Life Cycle Assessment is not Rocket Science
The author Dan Goleman once quoted me as having told him “Life Cycle Assessment is not rocket science.” And I joked that I felt able to say this in part because I had earlier worked at the Rocket Propulsion Lab in the California Desert. As I explained to Dan then, and as I share with a new crop of students every Fall semester, rather than being “rocket science”, LCA is primarily “a data problem” in two related ways.
The first is that for many – indeed still for most – processes in the economy, we lack LCA data to explicitly model them. This is especially true if you need to be specific about the geography and the technology, and if you want up-to-data data. Despite the fact that the world has been doing LCAs since the late 1960s, there are huge data gaps in humanity’s LCA data resource base.
The second data problem with LCA is, surprisingly, the reverse of the first problem! There are areas of the economy where we have, you could say, “too much data” or too many options. What makes this situation challenging rather than simply a case of being well-provisioned is that users lack a reliable or informative basis for selecting the most appropriate data, the best available data to model what it is they really want to model.
I have started to call these two extremes “data deserts” and “data swamps.” In a data desert, you find yourself alarmingly far from any essential resource, and you wonder how you can go on. In a data swamp, you are tangled up to your eyeballs in a confusing and paralyzing morass of data options, not able to make proper headway. Neither situation, neither experience, is the least bit pleasant, I can tell you. A significant portion of learning the “art” of LCA these days is learning how to navigate through these two challenging situations that are too often the norm.
The problem above gives some cover to those LCA consultants who have a tendency to tell their clients:
“Don’t try this at home. Leave LCA to the white-smocked professionals.”
But here’s the thing that bounces me out of bed these days: a combination of intelligent software, data science, and good old fashioned human teamwork is about to convert this inhospitable terrain into verdant data forests and plains, places where many, most, and eventually all of us can freely roam, find the answers we need, and leave the land even more beautiful than we found it. While we might still want to invite a consultant guide to help us tackle some serious modeling adventures from time to time, most of us will most of the time be able to capably explore the data terrain on our own, and in ways that help one another.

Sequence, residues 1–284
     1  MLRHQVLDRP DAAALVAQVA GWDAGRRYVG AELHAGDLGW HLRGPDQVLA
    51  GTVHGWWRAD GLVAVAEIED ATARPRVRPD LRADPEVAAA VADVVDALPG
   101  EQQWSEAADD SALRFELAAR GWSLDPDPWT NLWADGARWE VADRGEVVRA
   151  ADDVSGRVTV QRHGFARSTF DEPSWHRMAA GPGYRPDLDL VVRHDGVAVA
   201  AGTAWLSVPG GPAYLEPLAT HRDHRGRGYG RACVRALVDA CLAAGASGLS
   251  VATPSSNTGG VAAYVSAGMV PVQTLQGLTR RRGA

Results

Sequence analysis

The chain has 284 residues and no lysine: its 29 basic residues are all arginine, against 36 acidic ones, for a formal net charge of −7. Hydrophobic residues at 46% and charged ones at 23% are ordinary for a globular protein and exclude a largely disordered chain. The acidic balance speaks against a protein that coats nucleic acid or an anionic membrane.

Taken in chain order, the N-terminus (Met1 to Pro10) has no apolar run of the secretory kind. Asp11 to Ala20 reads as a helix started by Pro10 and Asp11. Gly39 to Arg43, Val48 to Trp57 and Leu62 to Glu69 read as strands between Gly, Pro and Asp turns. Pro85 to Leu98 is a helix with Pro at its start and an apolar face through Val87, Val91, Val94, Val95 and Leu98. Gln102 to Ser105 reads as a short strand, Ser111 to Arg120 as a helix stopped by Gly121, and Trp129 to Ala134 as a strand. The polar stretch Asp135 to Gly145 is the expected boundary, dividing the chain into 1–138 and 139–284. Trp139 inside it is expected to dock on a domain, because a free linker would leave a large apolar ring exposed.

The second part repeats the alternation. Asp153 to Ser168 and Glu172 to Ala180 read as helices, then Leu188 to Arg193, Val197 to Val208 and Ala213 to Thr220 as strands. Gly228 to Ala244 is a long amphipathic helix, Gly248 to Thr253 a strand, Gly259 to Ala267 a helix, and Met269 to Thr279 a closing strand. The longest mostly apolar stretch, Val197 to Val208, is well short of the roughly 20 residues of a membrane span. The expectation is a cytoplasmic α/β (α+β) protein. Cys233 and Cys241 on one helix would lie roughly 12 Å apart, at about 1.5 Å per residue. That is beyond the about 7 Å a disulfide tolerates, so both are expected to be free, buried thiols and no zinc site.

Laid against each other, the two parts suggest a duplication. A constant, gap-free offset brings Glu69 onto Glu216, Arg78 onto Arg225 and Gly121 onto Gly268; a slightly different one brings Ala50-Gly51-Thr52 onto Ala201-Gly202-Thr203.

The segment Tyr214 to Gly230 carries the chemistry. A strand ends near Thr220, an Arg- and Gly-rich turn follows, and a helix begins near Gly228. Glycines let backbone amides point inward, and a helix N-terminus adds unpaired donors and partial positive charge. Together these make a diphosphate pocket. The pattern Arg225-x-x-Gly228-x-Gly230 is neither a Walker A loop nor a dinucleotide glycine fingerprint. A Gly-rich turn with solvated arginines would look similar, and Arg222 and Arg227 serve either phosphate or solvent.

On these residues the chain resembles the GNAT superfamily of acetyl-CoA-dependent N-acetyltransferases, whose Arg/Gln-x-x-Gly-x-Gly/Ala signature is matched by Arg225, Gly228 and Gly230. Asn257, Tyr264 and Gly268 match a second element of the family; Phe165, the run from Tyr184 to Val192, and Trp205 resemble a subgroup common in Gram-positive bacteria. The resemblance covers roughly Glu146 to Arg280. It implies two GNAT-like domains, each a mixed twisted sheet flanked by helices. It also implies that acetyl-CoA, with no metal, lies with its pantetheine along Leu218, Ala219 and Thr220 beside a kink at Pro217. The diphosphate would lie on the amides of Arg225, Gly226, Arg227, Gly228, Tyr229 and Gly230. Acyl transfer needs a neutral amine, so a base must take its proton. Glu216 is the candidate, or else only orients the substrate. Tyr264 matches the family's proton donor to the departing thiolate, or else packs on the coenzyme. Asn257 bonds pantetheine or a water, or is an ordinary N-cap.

I’ll describe the software and data science part of the solution first, and the teamwork part last.
Earthster software is using data science to tell users, no matter where they are on the data map: here is the best available data for your intended application. In this case, “best available” simply means “lowest possible uncertain in practice.” In this way, the software will show you that you are never in an absolutely barren data desert. There is always some data to be made use of, for your intended application, and the task is to quantify the uncertainty that arises because of the data imperfections. In many cases, while the results may be uncertain, you can still draw some very useful conclusions from your analysis. And in all cases, you can identify the most influential uncertainties active in your specific application, clarifying the highest priorities for follow-up data collection.
Software and data science also help you to move quickly and nimbly through data swamps. And again, uncertainty is surprisingly your friend. In the swamp, we simply ask: which of the bewilderingly many data options will provide me with lowest-uncertainty results. From this basic question, one data option emerges as the preferred solution, and your model comes into focus.
Armed with explicit treatment of uncertainty, you no longer have to fear data deserts nor data swamps. You can roam the data terrain confidently, and we’ll all be better off when we all can and do. In a system such as Earthster, every step you take in the data terrain leaves a positive trace. As you come to understand your own processes better, you are building yourself a data-driven model of your particular location in data space.
The resulting insights can be shared in ways that protect your confidential information; one way is by averaging your results with those of similar economic activities. The average can be shared with the world, clarifying your zone of the map without revealing your confidential coordinates if you don’t want to.
This average is immediately useful to you as a basis for benchmarking. And it is helpful to the world as it fills in one more region that used to be only sparsely understood, converting one more data-arid zone to a more fruitful and fertile data-scape.
Go ahead, try this at home. You’ll find it safe and productive. And the more the merrier.